As others have said, aptitude is the key word in such admissions policies. They absolutely cannot take into account genuine interest versus a feigned interest to get a place at a good school.
And it is deliberately set that way. If they simply said a grade 5 for a music place trumped a grade 3 for example, it would be hugely unfair on children whose parents do not have the time or money to devote to extracurricular activities. And state school admissions seek to minimise any criteria that favours people who have more time and money to spare than others. So yes, it is all based on how much aptitude each child shows on the assessment day and not at all on their passion or interest in drama.
Anyway, it is debatable whether this is even relevant (apart from to the mother's sense of fairness) since you say the child passed the test but missed out because so many others also passed. Other children were deemed to have equal aptitude for drama and then it came down to a distance tie breaker and some form of ranking system - you allude to the children being ranked in your initial post. As long as the distance used is accurate (they have the child's address recorded correctly) then that's all as it should be. The school and it's policies are in exact accordance with the rules on selecting students based on music / sports/ drama etc in a state school and whilst the mum may think it isn't fair, this is exactly how it is supposed to be done.
So then you move on to appeal accepting that the decisions so far are correct but "appealing on the grounds that this school offer opportunities that the other school doesn't."
This is absolutely something that can be used at appeal to show why this school best meets the child's interests. It may be hard to convince a panel that a child who has a vast array of drama activities outside school is missing out by not attending drama clubs at school but if this school offers performing arts qualifications that the child cannot otherwise take, this might be the thing to focus on. Your friend would have a good point to raise in saying that a child with a talent in this area would be best served if they could attend a school that allows them to qualify in something they plan to pursue.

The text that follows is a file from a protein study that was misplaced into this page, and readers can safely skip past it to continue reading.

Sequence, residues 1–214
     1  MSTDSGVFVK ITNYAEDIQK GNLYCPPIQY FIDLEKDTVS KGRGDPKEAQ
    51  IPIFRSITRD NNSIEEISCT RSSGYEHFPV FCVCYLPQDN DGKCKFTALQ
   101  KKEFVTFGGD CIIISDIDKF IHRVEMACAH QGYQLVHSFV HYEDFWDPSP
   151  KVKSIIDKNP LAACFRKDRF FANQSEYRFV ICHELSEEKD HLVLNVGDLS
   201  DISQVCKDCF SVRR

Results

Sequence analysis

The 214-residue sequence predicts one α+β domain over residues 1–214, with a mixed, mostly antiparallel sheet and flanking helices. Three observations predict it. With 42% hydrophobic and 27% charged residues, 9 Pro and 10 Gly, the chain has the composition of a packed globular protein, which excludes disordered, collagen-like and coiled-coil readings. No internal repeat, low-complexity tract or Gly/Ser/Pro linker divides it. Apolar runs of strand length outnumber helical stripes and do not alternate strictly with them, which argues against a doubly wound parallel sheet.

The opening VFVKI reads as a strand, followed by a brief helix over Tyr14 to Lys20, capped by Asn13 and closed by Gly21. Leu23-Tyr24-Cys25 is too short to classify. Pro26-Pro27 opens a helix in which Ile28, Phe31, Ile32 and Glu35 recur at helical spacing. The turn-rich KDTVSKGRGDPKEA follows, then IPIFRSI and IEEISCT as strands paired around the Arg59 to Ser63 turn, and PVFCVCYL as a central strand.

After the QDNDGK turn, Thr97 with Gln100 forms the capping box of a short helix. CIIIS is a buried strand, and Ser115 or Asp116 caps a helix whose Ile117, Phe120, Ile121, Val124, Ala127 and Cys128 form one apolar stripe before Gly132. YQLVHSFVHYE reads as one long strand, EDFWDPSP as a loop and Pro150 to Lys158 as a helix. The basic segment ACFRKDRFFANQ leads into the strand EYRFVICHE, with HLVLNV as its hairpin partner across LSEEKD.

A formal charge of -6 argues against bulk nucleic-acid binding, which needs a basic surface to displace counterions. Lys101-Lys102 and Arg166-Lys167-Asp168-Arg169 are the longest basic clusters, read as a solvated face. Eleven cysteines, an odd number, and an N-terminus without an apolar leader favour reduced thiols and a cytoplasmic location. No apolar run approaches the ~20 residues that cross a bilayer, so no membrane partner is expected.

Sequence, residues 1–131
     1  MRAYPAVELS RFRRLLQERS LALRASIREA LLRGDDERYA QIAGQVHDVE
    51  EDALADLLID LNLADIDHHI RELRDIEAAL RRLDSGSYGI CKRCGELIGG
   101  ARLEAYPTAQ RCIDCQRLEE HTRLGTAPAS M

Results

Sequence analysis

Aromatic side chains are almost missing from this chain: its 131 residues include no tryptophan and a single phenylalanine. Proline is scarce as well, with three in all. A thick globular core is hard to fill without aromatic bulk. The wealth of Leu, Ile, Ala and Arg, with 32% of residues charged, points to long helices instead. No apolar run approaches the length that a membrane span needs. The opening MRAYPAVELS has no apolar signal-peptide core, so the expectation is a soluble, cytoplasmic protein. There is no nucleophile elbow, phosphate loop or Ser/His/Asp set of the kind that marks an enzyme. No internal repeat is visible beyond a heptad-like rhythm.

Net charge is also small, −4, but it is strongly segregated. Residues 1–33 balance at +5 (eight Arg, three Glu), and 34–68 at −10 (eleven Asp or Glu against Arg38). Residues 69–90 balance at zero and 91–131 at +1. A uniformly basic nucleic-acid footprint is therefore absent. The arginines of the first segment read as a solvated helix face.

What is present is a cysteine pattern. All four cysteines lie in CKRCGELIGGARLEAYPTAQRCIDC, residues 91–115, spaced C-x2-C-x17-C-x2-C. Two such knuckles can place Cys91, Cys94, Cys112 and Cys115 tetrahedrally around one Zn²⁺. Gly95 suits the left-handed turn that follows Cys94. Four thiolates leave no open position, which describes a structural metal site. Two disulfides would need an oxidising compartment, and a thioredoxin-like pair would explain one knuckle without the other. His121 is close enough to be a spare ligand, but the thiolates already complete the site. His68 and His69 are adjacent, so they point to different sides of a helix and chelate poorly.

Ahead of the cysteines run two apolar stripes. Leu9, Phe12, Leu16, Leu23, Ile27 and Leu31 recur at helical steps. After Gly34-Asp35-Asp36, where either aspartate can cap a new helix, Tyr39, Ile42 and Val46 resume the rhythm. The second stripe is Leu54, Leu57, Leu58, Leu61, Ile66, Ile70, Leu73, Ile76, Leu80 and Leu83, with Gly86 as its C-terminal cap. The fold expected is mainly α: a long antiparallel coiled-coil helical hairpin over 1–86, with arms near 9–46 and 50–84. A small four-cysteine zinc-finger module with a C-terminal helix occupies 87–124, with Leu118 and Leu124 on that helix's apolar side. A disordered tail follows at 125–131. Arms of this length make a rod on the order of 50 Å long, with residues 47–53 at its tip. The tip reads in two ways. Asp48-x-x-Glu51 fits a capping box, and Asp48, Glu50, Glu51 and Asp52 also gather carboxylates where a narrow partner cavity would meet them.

Can't add anything really to what Tiggytape has said.Go to appeal on the basis of what this school can offer but be realistic that there will be a lot more parents doing exactly the same so somehow to get a place you will need to be presenting a very compelling case. Nothing that has been said so far would suggest that is something you have.
Thank you - this is exactly the advice we need! They are not appealing based on an error being made, they understand the system and everything has been done correctly. They are appealing because they genuinely think this is the best school for the DD. It offers significantly more opportunities in performing arts, not just clubs but trips, visiting speakers, projects etc. They offer a Btec in Performing Arts, plus GCSEs in drama and dance. The other school only offers drama. It is an ICT specialist school I think, so is more geared towards that.
wannabestrssfree would a letter from the child be a valuable addition?
My friend is just trying to do the best for her daughter. I think she realises there is slim chance but she feels she has to try.
DO NOT put a letter from the child in evidence. That is unlikely to help and could hinder. The appeal panel will be far more interested in letters from the child's performing arts teachers saying how interested she is and how she will benefit from attending this school.
Agree with prh. Any letters submitted should be purely factual and preferably expert opinion that support the basis of the appeal.
So a letter from the child's drama coach saying that the appeal school offers XY and Z qualification and explaining why this is so important to someone considering a career in the performing arts would be the best bet.
Message withdrawn at poster's request.
wannabestressfree, sorry but not sure in any training for admission appeals or the documentation for appeals have I come across anything that says letters from children should be given priority. To me that is something you should not be basing decisions on.
Message withdrawn at poster's request.
You've no idea whether the child has written of their own volition, or had the letter dictated to them by the parent.
I thought that all appeal panels were impartial and not linked to the school? If the head at wannabestressfrees school gets to decide to accept an appeal based on a soft spot for a child's letter, surely that is not correct?
It is absolutely not correct. The appeal panel is required to be impartial and not linked to the school. The fact that the head has a soft spot for hand written letters is definitely not something that should enter into their thinking. By going down this route they are laying themselves wide open to having their decisions overturned.
How does your head even get to make the decision wannabe? They can't be the panel chair surely? How illegal is that!